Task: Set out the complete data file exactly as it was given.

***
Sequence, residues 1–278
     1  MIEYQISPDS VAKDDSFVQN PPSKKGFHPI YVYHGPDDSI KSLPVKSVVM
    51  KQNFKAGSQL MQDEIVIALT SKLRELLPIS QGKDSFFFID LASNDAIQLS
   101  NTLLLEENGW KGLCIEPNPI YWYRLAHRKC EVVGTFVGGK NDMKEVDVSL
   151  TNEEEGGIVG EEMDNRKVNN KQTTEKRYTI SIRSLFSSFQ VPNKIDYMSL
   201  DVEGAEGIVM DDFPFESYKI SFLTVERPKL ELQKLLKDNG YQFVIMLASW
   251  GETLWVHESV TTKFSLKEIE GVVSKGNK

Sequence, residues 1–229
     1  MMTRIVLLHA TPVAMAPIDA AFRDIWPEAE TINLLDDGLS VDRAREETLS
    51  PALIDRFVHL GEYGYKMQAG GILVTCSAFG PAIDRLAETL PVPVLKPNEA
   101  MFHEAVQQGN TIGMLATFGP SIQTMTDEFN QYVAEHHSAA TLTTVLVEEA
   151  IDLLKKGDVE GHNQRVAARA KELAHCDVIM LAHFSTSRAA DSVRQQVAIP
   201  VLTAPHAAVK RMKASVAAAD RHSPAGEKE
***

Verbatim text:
Sequence, residues 1–278
     1  MIEYQISPDS VAKDDSFVQN PPSKKGFHPI YVYHGPDDSI KSLPVKSVVM
    51  KQNFKAGSQL MQDEIVIALT SKLRELLPIS QGKDSFFFID LASNDAIQLS
   101  NTLLLEENGW KGLCIEPNPI YWYRLAHRKC EVVGTFVGGK NDMKEVDVSL
   151  TNEEEGGIVG EEMDNRKVNN KQTTEKRYTI SIRSLFSSFQ VPNKIDYMSL
   201  DVEGAEGIVM DDFPFESYKI SFLTVERPKL ELQKLLKDNG YQFVIMLASW
   251  GETLWVHESV TTKFSLKEIE GVVSKGNK

Sequence, residues 1–229
     1  MMTRIVLLHA TPVAMAPIDA AFRDIWPEAE TINLLDDGLS VDRAREETLS
    51  PALIDRFVHL GEYGYKMQAG GILVTCSAFG PAIDRLAETL PVPVLKPNEA
   101  MFHEAVQQGN TIGMLATFGP SIQTMTDEFN QYVAEHHSAA TLTTVLVEEA
   151  IDLLKKGDVE GHNQRVAARA KELAHCDVIM LAHFSTSRAA DSVRQQVAIP
   201  VLTAPHAAVK RMKASVAAAD RHSPAGEKE